Great Book: Oedipus at Colonus, by Sophocles

Oedipus at Colonus is the middle play of Sophocles' Oedipus trilogy, and like a middle child, it's just not as smart or as pretty as the other two (kidding!).

After blinding himself, Oedipus left Thebes (or was he thrown out? It's unclear) and wandered the countryside, begging, for twenty years. Here's where Antigone earns her grit, and her suicidal rage: she goes with him and shares this life of poverty and deprivation. I gather from the reaction of the Elders of Colonus that he's persona non grata in most places because of the bad mojo he carries. "Do not pollute our city with your tainted air," and so on. Nice life for a growing girl.

Colonus is a holy site within Athens. Oedipus feels his death approaching and asks for sanctuary. He soon becomes a point of contention between Athens and Thebes, because the site of his grave will protect one from the other.

Oedipus seeks asylum from Theseus, ruler of Athens. Various important Thebans, including his brother-in-law Creon and his no-good son, come to try to kidnap him or convince him to come home. He refuses. He doesn't want to reward the relatives who turned him out when he was in need. Creon tries to take Antigone and Ismene with him by force, but Theseus prevents this and brings them back to their father. At the end of the play, Oedipus is dead and Polyneices, his son, is poised to attack Thebes with a foreign army, thus setting the scene for Antigone.

This conflict between Thebes and Athens over Oedipus is colored by subsequent history. Oedipus promises that the mercy Theseus shows him will result in a great benefit to Athens in the future. And in fact, according to my translation, 'Theban invaders were routed in a battle near the tomb of Oedipus.'

Antigone, who acted as his eyes, and Ismene, who loved him and tried to save him, are left alone in Athens. They decide to go back to Thebes and try to stop the war. But they will fail, and everybody will die.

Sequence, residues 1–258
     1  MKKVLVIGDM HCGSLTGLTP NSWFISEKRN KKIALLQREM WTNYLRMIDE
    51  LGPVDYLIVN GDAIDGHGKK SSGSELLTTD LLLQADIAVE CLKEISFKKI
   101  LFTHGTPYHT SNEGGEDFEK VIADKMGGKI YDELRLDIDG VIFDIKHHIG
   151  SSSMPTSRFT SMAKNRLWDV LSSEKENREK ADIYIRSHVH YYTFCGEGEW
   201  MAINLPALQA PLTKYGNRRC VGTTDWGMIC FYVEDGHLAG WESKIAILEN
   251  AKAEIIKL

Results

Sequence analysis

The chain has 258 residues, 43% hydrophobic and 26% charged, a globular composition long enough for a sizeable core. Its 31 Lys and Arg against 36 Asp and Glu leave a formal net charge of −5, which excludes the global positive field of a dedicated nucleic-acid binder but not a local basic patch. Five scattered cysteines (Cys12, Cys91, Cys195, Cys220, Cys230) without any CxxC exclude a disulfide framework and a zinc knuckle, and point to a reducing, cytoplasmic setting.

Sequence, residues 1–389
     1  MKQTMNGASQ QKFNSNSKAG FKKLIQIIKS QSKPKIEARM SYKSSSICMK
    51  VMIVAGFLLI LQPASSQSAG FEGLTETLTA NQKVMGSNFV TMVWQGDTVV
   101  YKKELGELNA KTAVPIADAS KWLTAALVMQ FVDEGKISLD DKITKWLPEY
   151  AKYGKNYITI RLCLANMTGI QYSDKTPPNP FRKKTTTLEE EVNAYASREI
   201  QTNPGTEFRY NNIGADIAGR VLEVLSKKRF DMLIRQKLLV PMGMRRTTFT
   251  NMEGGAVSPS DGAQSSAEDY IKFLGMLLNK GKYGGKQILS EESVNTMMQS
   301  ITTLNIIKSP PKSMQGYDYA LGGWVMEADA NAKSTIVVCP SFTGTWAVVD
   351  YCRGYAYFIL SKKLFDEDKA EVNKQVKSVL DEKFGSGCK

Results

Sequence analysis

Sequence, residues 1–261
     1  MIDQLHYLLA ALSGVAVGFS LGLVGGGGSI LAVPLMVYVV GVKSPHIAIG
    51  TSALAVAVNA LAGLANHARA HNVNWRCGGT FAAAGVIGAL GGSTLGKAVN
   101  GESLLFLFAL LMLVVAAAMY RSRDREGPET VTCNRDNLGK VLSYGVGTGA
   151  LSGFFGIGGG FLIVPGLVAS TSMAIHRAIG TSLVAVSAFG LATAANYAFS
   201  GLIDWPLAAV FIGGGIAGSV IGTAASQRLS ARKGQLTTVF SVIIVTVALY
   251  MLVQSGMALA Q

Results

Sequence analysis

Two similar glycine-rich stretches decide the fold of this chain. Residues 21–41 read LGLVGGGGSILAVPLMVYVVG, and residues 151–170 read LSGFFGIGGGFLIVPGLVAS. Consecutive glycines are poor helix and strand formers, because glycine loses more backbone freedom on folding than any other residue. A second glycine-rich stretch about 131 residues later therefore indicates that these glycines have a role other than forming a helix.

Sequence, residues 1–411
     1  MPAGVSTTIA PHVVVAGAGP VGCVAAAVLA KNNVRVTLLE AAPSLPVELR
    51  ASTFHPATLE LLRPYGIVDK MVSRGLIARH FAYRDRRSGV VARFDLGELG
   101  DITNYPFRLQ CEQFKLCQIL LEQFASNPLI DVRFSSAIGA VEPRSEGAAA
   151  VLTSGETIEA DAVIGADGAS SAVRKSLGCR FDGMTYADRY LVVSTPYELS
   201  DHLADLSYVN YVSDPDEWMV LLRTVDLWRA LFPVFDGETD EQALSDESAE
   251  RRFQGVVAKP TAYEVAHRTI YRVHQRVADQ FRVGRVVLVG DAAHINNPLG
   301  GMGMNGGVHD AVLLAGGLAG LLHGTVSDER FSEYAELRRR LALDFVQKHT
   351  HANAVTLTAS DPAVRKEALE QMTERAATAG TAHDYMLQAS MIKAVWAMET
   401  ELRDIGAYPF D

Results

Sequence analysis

I don't really understand why this play exists. I went browsing for commentaries and didn't learn much. Perhaps the most interesting bit of symbolism is the manner of Oedipus' death. Instead of being assumed into heaven, which is the current fashion is mysterious deaths, he is swallowed by the earth.

1 comment:

Emily said...

It's a GREAT play! I mean really, not just because it's on the list and by Sophocles!

Pedantic footnote: It is not actually the middle play in a trilogy. The Theban plays we have were not composed as a group. The OC was probably among Sophocles' last work (when he was around 80). It's about redemption and getting over things, after a life-time of rage. What I love most about it: (1) the Choruses: some of the most beautiful stuff Sophocles ever wrote; you should check out Yeats' versions, also very beautiful (in A Man Young and Old, "Colonus' Horses", also in his translation of the play). (2) its brutality about family life, and emotional bitterness. You should also read -- and watch, if you can get a hold of it -- the Gospel version of this play: "The Gospel at Colonus". It's brilliant, and may help you see what was great about the original, too...